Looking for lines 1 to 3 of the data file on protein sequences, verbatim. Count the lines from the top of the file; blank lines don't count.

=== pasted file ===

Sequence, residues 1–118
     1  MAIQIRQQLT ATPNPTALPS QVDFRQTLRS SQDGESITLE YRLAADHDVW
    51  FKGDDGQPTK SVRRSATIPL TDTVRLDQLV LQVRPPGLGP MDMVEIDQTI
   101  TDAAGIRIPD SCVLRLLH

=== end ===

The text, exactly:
Sequence, residues 1–118
     1  MAIQIRQQLT ATPNPTALPS QVDFRQTLRS SQDGESITLE YRLAADHDVW
    51  FKGDDGQPTK SVRRSATIPL TDTVRLDQLV LQVRPPGLGP MDMVEIDQTI